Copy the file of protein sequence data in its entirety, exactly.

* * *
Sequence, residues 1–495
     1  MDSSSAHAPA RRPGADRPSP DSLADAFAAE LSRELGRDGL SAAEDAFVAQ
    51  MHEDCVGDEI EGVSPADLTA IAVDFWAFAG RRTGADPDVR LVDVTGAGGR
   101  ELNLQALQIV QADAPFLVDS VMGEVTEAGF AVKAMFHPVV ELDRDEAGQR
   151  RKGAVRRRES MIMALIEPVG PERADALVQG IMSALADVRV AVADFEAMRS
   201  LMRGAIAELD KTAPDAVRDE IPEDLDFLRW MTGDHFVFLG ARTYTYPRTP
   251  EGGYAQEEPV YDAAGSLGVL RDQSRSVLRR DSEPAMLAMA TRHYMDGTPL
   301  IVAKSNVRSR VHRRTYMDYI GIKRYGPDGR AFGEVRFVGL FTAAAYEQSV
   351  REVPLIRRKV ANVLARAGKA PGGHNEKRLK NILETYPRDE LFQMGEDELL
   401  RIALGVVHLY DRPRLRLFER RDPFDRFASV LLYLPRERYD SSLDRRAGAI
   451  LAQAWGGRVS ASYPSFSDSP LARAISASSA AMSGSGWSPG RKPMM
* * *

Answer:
Sequence, residues 1–495
     1  MDSSSAHAPA RRPGADRPSP DSLADAFAAE LSRELGRDGL SAAEDAFVAQ
    51  MHEDCVGDEI EGVSPADLTA IAVDFWAFAG RRTGADPDVR LVDVTGAGGR
   101  ELNLQALQIV QADAPFLVDS VMGEVTEAGF AVKAMFHPVV ELDRDEAGQR
   151  RKGAVRRRES MIMALIEPVG PERADALVQG IMSALADVRV AVADFEAMRS
   201  LMRGAIAELD KTAPDAVRDE IPEDLDFLRW MTGDHFVFLG ARTYTYPRTP
   251  EGGYAQEEPV YDAAGSLGVL RDQSRSVLRR DSEPAMLAMA TRHYMDGTPL
   301  IVAKSNVRSR VHRRTYMDYI GIKRYGPDGR AFGEVRFVGL FTAAAYEQSV
   351  REVPLIRRKV ANVLARAGKA PGGHNEKRLK NILETYPRDE LFQMGEDELL
   401  RIALGVVHLY DRPRLRLFER RDPFDRFASV LLYLPRERYD SSLDRRAGAI
   451  LAQAWGGRVS ASYPSFSDSP LARAISASSA AMSGSGWSPG RKPMM